...the jury found that Ms. Stewart frequently made gibberish comments in English to distract prison officials who were trying to record the conversation between the sheikh and his interpreter, and that she "smuggled" messages from her jailed client to his followers.
But if the federal government had followed the law, Ms. Stewart would never have been required to agree to these rules to begin with. Just after 9/11, Attorney General John Ashcroft gave himself the power to bypass the lawyer-client privilege, which every court in the United States has upheld, and eavesdrop on conversations between prisoners and their lawyers if he had reason to believe they were being used to "further facilitate acts of violence or terrorism." The regulation became effective immediately.
In the good old days, only Congress could write federal criminal laws. After 9/11, however, the attorney general was allowed to do so. Where in the Constitution does it allow that?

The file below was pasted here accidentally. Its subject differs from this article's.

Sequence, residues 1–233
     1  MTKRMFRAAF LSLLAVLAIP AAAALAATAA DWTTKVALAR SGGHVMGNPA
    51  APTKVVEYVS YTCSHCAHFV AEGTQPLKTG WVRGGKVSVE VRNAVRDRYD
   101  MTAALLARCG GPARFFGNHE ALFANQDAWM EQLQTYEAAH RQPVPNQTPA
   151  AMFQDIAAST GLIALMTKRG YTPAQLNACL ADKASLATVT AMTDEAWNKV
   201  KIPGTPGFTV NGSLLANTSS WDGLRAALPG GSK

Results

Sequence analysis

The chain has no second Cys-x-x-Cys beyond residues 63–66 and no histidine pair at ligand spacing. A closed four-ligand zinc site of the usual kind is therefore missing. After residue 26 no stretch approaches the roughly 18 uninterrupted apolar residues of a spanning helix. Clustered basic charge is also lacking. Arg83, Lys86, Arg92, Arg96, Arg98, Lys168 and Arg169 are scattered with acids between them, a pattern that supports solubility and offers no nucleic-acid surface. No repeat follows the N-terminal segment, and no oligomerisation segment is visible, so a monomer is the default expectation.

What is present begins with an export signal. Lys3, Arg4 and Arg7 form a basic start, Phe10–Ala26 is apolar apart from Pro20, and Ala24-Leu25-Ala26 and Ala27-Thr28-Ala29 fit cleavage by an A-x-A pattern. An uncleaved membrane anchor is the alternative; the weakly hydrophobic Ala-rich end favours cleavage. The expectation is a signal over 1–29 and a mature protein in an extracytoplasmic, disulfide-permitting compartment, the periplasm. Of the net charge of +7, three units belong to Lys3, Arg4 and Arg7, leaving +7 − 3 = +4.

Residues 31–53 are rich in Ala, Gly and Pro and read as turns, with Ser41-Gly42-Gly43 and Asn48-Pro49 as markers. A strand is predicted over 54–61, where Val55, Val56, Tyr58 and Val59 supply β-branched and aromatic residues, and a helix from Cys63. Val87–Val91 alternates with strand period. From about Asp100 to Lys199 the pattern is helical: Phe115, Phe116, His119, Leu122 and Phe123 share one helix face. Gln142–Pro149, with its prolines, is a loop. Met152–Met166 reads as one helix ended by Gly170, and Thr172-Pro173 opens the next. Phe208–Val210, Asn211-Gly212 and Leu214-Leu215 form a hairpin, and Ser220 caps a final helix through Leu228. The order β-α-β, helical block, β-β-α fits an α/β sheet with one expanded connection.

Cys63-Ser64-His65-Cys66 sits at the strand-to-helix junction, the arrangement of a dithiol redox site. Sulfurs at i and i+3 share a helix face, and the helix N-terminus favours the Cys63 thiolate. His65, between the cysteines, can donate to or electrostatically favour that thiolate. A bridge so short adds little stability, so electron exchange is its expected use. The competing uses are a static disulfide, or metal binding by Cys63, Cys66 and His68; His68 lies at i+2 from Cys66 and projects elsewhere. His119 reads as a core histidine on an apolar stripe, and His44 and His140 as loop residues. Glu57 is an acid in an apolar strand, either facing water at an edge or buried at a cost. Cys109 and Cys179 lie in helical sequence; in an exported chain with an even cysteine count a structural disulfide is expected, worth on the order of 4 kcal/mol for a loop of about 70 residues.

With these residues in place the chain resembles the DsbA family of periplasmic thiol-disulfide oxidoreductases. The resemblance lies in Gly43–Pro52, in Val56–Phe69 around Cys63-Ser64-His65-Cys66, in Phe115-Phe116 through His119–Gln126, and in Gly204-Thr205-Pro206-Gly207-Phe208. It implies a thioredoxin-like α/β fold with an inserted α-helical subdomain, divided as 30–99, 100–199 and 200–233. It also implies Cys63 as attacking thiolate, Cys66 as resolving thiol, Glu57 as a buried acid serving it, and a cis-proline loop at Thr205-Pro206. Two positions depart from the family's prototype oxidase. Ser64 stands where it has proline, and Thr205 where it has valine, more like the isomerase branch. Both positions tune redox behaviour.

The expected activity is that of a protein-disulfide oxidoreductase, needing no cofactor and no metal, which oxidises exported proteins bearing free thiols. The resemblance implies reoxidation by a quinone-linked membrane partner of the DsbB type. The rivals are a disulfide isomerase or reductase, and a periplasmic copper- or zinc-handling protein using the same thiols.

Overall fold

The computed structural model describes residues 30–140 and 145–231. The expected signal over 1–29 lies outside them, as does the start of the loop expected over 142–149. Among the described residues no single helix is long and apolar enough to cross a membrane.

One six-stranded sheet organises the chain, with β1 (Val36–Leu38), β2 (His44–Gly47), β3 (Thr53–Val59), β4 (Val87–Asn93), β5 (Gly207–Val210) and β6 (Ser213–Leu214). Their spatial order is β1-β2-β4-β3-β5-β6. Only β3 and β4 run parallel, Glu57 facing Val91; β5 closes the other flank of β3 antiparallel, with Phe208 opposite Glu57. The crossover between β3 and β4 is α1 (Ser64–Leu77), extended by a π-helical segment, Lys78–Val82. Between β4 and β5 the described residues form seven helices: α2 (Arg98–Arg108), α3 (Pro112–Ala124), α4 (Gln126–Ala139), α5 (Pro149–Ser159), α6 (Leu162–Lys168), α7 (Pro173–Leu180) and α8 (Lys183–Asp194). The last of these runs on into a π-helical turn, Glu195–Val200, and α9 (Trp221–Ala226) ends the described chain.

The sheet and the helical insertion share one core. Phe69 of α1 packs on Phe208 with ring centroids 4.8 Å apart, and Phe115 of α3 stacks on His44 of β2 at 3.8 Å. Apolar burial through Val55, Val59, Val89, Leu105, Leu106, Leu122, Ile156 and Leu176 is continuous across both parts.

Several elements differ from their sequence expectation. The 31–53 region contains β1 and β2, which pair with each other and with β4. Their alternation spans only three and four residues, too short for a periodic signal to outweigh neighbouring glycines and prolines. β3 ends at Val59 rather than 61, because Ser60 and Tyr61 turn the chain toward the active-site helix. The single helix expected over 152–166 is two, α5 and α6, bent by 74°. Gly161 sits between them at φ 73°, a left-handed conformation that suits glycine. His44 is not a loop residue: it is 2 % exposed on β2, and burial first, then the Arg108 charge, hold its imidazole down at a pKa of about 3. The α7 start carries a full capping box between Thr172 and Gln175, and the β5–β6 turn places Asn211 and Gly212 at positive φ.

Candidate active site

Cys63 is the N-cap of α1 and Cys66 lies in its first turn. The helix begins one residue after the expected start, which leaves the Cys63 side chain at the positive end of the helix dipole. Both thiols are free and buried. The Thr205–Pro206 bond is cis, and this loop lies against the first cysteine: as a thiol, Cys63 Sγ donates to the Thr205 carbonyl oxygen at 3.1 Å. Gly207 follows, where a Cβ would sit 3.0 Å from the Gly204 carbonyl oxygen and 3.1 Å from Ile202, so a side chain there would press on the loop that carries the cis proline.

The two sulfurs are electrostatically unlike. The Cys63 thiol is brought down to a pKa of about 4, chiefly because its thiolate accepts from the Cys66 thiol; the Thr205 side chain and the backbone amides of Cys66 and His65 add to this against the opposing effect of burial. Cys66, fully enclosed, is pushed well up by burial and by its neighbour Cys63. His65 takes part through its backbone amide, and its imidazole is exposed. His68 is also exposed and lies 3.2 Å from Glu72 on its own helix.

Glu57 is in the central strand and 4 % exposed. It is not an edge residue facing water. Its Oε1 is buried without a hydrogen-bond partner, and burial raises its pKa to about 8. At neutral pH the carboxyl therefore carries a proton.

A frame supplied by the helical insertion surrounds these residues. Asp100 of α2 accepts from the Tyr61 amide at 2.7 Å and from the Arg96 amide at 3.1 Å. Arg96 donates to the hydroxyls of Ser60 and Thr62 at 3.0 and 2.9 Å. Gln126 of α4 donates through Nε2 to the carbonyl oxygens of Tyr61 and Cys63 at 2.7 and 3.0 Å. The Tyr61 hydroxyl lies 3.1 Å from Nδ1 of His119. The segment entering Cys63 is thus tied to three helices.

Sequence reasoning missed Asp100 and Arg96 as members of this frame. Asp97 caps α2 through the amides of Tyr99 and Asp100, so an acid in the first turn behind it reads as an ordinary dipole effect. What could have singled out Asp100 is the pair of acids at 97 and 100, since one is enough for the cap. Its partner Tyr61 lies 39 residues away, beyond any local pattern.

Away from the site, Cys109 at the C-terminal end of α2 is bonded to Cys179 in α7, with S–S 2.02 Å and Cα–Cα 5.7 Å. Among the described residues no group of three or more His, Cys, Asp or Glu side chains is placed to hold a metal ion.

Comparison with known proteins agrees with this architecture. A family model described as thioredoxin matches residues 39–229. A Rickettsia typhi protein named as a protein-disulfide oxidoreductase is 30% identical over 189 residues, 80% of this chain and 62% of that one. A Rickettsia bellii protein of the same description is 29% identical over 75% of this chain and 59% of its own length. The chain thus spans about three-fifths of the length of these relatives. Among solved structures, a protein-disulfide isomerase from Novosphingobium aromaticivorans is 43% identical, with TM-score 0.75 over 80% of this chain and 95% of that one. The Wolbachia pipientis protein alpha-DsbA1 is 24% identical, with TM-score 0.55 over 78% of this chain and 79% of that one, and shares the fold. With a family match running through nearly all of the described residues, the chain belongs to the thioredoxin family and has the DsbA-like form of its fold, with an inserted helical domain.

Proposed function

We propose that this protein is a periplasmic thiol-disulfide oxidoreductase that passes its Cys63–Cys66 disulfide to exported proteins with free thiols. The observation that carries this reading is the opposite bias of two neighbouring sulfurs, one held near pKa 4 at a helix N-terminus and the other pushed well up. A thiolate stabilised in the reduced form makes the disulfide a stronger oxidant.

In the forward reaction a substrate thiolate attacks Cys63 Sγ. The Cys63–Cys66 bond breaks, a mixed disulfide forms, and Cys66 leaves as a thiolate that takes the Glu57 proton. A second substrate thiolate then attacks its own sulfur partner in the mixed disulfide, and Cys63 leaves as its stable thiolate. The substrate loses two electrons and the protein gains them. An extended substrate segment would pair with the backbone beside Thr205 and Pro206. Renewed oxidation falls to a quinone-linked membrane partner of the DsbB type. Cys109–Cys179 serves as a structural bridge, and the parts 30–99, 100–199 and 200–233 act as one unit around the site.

. . . .
The Stewart conviction is a travesty. She faces up to 30 years in prison for speaking gibberish to her client and the truth to the press. It is devastating for lawyers and for any American who may ever need a lawyer. Shouldn't the Justice Department be defending our constitutional freedoms rather than assaulting them?
I should note the author of this excellent and succinct statement on the Stewart case is "a former judge of the Superior Court of New Jersey, is an analyst for Fox News and the author of Constitutional Chaos: What Happens When the Government Breaks Its Own Laws." Not exactly a regular commentator on Pacifica Radio, in other words.
Bush to blogosphere: you got Jeff Gannon. We've got your lawyers.
Guess who should be staying up nights worrying?
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